State waivers and the next Supreme Court ACA challenge

Joanne Kenen

About Joanne Kenen

Joanne Kenen, (@JoanneKenen) the health editor at Politico, is AHCJ’s topic leader on health reform and curates related material at healthjournalism.org. She welcomes questions and suggestions on health reform resources and tip sheets at joanne@healthjournalism.org. Follow her on Facebook.

A recent Health Affairs blog post by Heather Howard (a familiar name to AHCJ members who have attended the panels or webcasts she’s done for us) and her colleague Galen Benshoof at the State Health Reform Assistance Network (housed at Princeton) outlined an aspect of the coming King case on exchange subsidies. The information was new to me, and may be unfamiliar to other reporters too. I’ve summarized the key points below and included story ideas at the bottom. You can read the original (more detailed) post here.

justice scales

Image by HoustondwiPhotos mp via flickr.

The Affordable Care Act (ACA) encourages state innovation in many ways, but one of the most significant is the “Wyden waivers” or the State Innovation Waivers program in section 1332 of the law. They become available in 2017, although planning can start earlier.

Some states are thinking about taking these waivers,  which include “exchanges, benefit packages, and the individual and employer mandates.” States can get all the federal money that would have gone into those provisions – hundreds of millions or even billions of dollars – but they have to provide comparable coverage and it must be affordable. HHS and Treasury have released some guidance but not a whole lot of detailed rules and instructions.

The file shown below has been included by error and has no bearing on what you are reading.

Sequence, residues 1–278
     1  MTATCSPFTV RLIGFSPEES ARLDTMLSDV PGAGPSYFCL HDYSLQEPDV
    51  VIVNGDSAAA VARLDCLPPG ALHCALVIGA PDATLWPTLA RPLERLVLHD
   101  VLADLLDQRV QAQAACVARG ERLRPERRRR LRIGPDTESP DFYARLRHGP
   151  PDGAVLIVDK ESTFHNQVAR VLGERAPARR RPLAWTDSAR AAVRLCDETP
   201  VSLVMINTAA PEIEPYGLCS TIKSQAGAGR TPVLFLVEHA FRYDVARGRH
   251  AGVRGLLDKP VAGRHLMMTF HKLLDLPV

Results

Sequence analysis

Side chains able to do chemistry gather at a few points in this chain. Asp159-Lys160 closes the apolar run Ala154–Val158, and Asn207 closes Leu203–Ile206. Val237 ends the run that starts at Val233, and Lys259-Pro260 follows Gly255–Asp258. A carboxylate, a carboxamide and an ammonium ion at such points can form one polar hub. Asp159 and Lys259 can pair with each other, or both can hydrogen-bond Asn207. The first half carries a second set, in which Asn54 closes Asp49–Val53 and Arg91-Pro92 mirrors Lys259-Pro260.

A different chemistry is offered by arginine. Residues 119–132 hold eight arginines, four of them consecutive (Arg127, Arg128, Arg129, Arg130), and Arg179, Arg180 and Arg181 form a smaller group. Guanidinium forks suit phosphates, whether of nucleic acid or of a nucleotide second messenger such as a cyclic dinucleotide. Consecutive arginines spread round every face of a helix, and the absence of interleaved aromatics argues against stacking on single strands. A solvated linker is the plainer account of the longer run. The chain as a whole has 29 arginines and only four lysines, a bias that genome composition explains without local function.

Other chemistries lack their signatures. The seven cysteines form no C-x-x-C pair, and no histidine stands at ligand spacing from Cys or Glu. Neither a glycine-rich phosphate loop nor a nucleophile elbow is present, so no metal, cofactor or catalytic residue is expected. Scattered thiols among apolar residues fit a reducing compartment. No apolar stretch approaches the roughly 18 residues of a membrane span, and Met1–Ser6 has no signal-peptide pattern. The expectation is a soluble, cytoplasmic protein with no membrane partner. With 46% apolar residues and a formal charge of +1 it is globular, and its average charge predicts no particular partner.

Some states are opting to take these waivers. Vermont may use a waiver to pursue its version of single payer. Hawaii is exploring changes to its individual market. Minnesota may make changes to its Basic Health Plans. (These states are all implementing the ACA.) Some states doing or contemplating Arkansas-style private options for Medicaid may also explore the waiver option.

But one of the funding streams for the states are the subsidies for individuals and families getting covered in the exchanges – and in the federal exchange states, that’s precisely the funding that’s threatened by King v. Burwell. If the Supreme Court strikes those subsidies it “would decimate the funding source for 1332-based reforms in those states.” And that includes conservative states that may be more inclined to try to develop a non-ACA more market-based approach to coverage.

Here are some questions worth exploring in your state:

  • Is anyone considering using the 1332 waivers? For what?
  • How far along are the discussions?
  • What does your state need to go ahead, and what’s the timetable? And what’s the fallback?

 

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